Outing to Kruger Cave
Tammy Hodgskiss
Sun, 13/03/2022 - 00:00


Outing to Kruger Cave

North West Province – 13 March 2022

After a lovely drive through the Cradle of Humankind and surrounds, a group 12 ‘Arch Soccers’ met with our expert guide, Prof Justin Bradfield, at the tranquil fishing area of the Olifantsnek Dam, which is on the Hex River, Rustenberg District, Magaliesberg.


From our cars, it was a 15 min walk/hike up to the cave, with a bit of steep area near the cave entrance. The cave is just above the dam wall – a wall that was built in 1936 – in the dip between the two hills seen in the pictures above. The area in the last few thousand years would have been a grassland plain and the site would have been well-located for hunter-gatherers in terms of access to food and resources.


View of the dam wall from the near the entrance of the cave.

As we started our tour, Justin made the important point that the cave has been re-inhabited by many different people and groups for many years – and this re-habitation continues with Pastor Joshua who currently lives semi-permanently in the cave. Justin has worked closely with Pastor Joshua to ensure the deposit is protected as much as possible while respecting the Pastor’s needs to use the cave for his spiritual activities. The Pastor started visiting the cave in 2009 after being shown the cave in a dream, and has lived more permanently in the cave since 2015. 


Kruger Cave was first excavated in 1956 by Revil Mason. In 1982/3 Robbie Steele (under the directorship of Revil Mason) excavated the cave as a rescue operation because the site was being vandalised. The vandalism (and illegal excavation) at the site may have been prompted by rumours that Paul Kruger stashed his gold and relics in the cave. This is also probably how the cave got its name.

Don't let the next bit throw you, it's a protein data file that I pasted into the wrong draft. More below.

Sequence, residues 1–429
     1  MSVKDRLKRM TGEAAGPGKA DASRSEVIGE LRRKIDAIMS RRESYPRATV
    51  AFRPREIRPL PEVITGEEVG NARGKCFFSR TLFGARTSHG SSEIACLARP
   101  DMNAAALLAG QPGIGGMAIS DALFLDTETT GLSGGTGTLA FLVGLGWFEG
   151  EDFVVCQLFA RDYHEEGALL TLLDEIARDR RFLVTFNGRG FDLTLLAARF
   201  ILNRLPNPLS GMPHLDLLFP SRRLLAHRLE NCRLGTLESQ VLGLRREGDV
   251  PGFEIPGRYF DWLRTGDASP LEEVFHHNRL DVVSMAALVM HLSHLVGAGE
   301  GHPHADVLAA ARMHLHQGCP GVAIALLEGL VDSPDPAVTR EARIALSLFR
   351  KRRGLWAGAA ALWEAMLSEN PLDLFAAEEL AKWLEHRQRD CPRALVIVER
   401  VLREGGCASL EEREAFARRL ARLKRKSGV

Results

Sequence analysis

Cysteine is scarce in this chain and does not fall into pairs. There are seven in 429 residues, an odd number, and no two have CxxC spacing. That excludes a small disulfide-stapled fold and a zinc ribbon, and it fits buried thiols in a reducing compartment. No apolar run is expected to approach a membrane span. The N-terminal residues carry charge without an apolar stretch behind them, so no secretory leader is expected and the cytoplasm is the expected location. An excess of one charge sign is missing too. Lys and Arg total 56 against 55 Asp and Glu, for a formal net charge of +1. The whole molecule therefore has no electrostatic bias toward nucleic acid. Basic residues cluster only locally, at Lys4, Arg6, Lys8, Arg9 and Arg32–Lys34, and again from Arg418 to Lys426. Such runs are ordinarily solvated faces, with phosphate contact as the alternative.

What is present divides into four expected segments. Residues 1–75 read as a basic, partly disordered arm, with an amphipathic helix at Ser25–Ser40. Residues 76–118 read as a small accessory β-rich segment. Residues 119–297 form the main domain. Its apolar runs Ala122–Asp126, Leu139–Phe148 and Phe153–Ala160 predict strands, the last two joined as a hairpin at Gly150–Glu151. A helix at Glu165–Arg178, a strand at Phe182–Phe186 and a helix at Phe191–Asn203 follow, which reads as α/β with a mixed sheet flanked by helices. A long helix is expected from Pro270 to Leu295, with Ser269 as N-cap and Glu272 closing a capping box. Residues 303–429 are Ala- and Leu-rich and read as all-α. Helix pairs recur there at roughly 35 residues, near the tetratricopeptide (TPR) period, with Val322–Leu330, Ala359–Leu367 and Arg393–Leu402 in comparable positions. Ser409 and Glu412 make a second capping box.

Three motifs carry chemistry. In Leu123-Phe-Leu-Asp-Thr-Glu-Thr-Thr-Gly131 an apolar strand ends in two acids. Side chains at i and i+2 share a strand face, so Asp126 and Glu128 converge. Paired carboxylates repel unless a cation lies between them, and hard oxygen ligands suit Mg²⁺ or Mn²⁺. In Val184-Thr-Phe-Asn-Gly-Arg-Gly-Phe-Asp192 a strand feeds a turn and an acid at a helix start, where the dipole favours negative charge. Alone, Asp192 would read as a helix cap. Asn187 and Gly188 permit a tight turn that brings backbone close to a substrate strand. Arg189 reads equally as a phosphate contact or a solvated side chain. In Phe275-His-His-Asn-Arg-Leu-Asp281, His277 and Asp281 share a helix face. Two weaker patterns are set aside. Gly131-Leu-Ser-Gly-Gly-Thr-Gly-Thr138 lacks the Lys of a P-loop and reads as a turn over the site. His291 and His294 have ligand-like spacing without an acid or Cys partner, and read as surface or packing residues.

Robbie Steele excavated a large and long 24 m x 1 m pit through the deposit, going down to a maximum of 90 cm from the surface. Sadly, after the excavations, the pits were not back-filled and so the exposed pit profiles have slowly eroded over time. The cave sediment has been somewhat protected, with the erection of a fence stopping access to the back areas of the cave and the archaeological deposits. 


Justin showing the area excavated by Robbie Steele. The eroded walls of the excavation pit are clearly seen.

There is faded rock art at the site (one of only seven rock art sites in the Magaliesberg), some of which was recorded by Harold Pager who worked at the site in the 1970s. He recorded 57 images painted on the walls, mostly human figures but also some animals and birds. Very few painted images are visible now.



The oldest deposit at the site is dated to ~10 000 years ago (the Oakhurst lithic industry), but most of the deposit is dated between 7000 and 5000 years ago, also Oakhurst but with generally smaller tools. Jubilee Shelter, on the other side of the Magaliesberg, would have been inhabited around the same time, with Wilton lithic assemblages (6-5000 years ago). 

Beautiful stratigraphy is still visible in the exposed sections.

A third period of occupation at the site is dated to AD1000 – 1300 when the site was inhabited by African agriculturalists. It was likely these groups who painted the cave. There are a few Iron Age artefacts at the site but the cave preserves some of the earliest evidence of Iron Age occupation in the Magaliesberg. There is no evidence that people lived at the site for long periods after AD1300. In the 1930s, during the time the dam wall was being built, there was a blacksmith’s workshop in the cave.